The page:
Being humiliated or ridiculed in connection with
To fit our context of students learning in a
Having key areas of responsibility removed or
replaced with more trivial or
Having key areas of your student role removed or
replaced with more trivial or unpleasant tasks
Highlights significant change in what the student
should be doing at the level they are currently
at, which changes as they progress.
Being ignored or excluded Being ignored or excluded from the clinical team To fit our context of students learning in a
Having insulting or offensive remarks made
about your person, attitudes or your
Having insulting or offensive remarks made
about your person (i.e. habits and background),
attitudes or your private life
Aides understanding of the statement.
Hints or signals from others that you should
quit your job
Hints or signals from others that you should quit
studying your profession
To fit our context of students learning in a
Persistent criticism of your errors or mistakes Persistent criticism of your work and effort To make sure students didn’t get this confused
with patient safety literature (where errors etc.
have specific definitions).
Change/addition of wording shown in italics.
MEDICAL TEACHER 815
Two statements obtained from previous literature, were
also added to more accurately and thoroughly reflect the
context of experiencing bullying and harassment by stu-
dents learning in a clinical environment. Items added were:
Being assigned work for punishment rather than for educa-
tional value; and having learning opportunities blocked or
withheld by others. These statements were added to the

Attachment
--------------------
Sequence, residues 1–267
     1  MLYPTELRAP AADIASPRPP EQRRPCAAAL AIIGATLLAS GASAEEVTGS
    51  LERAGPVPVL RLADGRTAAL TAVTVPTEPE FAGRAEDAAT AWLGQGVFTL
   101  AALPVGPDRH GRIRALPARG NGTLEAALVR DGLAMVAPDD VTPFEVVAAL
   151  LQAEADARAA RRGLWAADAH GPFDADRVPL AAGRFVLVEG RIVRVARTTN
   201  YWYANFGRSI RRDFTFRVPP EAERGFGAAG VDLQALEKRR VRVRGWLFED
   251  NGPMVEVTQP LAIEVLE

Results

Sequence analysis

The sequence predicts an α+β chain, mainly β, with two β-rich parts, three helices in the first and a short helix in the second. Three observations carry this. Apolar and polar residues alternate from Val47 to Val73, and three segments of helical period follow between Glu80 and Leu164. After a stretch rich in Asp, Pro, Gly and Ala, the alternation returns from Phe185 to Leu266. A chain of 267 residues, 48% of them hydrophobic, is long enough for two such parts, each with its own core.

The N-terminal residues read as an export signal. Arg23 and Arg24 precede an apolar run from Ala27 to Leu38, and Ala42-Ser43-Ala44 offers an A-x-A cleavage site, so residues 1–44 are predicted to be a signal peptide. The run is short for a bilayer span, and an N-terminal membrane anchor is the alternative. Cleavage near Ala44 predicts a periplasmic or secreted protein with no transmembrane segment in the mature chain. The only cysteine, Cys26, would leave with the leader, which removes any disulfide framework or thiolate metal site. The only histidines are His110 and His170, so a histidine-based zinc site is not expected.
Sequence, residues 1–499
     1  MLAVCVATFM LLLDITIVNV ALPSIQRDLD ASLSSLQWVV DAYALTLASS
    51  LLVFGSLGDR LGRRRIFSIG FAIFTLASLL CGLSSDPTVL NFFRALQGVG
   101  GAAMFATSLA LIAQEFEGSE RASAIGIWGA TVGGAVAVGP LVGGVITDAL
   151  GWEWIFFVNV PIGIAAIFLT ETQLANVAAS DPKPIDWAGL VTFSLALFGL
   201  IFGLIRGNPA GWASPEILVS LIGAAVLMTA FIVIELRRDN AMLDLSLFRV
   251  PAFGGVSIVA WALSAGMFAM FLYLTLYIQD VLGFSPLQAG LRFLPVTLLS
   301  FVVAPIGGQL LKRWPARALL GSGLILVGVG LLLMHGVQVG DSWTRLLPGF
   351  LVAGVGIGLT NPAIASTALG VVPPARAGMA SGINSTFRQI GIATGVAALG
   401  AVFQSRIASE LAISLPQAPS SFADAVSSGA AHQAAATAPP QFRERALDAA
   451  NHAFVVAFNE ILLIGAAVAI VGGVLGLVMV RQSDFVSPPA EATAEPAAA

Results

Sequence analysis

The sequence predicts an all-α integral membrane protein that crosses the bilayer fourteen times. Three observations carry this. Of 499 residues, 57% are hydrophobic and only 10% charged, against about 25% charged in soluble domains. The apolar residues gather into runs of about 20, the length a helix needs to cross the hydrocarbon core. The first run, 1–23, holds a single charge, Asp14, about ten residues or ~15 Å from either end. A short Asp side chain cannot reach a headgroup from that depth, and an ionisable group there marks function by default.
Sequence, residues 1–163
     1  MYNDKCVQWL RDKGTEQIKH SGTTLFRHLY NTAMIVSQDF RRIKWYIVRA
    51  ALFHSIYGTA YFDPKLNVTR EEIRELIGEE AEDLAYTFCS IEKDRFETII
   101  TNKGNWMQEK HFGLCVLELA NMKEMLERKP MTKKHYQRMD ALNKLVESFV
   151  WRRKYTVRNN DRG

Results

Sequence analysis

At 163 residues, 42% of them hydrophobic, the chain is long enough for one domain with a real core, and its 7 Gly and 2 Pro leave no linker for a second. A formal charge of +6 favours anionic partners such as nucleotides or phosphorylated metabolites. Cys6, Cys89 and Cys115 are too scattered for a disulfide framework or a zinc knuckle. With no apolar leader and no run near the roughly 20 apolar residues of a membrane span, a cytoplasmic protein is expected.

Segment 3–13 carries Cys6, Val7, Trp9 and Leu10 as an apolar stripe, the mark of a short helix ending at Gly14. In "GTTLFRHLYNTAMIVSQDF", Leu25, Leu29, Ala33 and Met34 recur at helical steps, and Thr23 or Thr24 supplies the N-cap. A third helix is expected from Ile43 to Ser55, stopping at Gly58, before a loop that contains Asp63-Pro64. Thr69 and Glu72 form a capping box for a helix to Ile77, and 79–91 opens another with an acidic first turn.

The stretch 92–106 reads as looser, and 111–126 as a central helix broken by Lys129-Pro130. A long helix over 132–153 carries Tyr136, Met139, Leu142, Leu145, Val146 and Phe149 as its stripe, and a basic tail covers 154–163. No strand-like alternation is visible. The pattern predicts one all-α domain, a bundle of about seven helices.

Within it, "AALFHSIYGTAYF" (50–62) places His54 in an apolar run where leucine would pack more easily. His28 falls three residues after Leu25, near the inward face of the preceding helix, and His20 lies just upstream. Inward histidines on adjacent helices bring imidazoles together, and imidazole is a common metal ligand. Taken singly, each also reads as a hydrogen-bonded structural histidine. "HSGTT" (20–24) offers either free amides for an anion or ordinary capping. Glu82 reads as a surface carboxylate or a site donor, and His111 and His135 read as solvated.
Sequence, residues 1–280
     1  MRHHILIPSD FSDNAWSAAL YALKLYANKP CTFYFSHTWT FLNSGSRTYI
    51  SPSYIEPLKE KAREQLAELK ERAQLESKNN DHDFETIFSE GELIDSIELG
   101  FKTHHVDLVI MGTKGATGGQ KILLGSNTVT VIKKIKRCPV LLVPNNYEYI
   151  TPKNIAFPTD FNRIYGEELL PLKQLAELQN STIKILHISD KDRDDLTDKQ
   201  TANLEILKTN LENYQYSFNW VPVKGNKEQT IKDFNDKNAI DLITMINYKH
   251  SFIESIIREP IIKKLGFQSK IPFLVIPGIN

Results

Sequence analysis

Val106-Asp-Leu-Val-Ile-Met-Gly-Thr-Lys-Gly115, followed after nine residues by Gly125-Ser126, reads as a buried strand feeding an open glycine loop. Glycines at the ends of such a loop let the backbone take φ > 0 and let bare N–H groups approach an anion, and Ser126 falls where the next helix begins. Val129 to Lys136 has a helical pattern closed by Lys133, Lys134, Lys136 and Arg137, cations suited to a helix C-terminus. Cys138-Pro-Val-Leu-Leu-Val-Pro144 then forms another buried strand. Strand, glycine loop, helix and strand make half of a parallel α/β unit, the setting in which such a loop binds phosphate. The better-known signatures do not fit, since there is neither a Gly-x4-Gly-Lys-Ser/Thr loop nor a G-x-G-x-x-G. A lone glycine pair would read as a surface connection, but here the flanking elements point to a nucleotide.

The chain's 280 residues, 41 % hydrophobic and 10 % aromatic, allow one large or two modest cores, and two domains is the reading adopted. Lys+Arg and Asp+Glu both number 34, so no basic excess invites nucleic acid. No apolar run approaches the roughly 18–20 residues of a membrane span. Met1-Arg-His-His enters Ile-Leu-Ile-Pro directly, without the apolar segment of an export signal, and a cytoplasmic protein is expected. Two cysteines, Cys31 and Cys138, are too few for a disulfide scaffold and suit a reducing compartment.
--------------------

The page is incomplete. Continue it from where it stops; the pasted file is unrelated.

workplace related bullying factor and was re-named the
workplace learning-related bullying factor to fit our new
modified concept, (see Supplement Appendix, Table A1, for
all Clinical Workplace Learning NAQ-R Scale Items).
Adding two new factors
Two new factors were introduced in our modified version
of the questionnaire: sexual harassment and ethnic harass-
ment (Supplement Appendix, Table A1).
To include sexual harassment in our CWE context we
adopted Till’s definition of ‘academic sexual harassment’as
the ‘use of authority to emphasise the sexuality or sexual
identity of a student in a manner which prevents or impairs
that student’s full enjoyment of educational benefits, climate,
or opportunities’(Till 1980, p. 7). The items used for this fac-
tor that aligned with this definition drew on the general
sexual harassment literature such as the Sexual Experiences
Questionnaire (SEQ) (Fitzgerald et al. 1995); along with
questionnaires used in the bullying and harassment litera-
ture focused on professional working environments
(Crebbin et al. 2015); and health professional students
(Sheehan et al. 1990; Baldwin et al. 1991; Uhari et al. 1994;
Wilkinson et al. 2006; Woolley et al. 2006; Rowland et al.
2010; Clarke et al. 2012; Knapp et al. 2014; Whiteside et al.
2014; AAMC 2018).
We adopted the conceptualisation of ethnic harassment
as described by Schneider et al, defined as ‘threatening ver-
bal conduct or exclusionary behaviour that has an ethnic
component and is directed at a target because of his or her
ethnicity’(Schneider et al. 2000, p. 3). The items that were
used for this factor aligning with this definition were
derived from a combination of the Ethnic Harassment
Experiences scale (EHE) (Schneider et al. 2000); and the bul-
lying and harassment literature in the workplace (Keashly
1997; Einarsen et al. 2011; Crebbin et al. 2015) and of
health professional students (Sheehan et al. 1990; Baldwin
et al. 1991; Uhari et al. 1994; Wilkinson et al. 2006; Woolley
et al. 2006; Rowland et al. 2010; Clarke et al. 2012; Knapp
et al. 2014; Whiteside et al. 2014; AAMC 2018).
Maintaining instrument design
Two main aspects in the design of the original NAQ-R
ensures all items are written using specific behavioural
statements, and there are no definitions given about or
words mentioning ‘bullying’or ‘harassment’when partici-
pants undertake the questionnaire (Einarsen et al. 2009).
For example, the questionnaire asks participants how often
they have been subjected to the following negative acts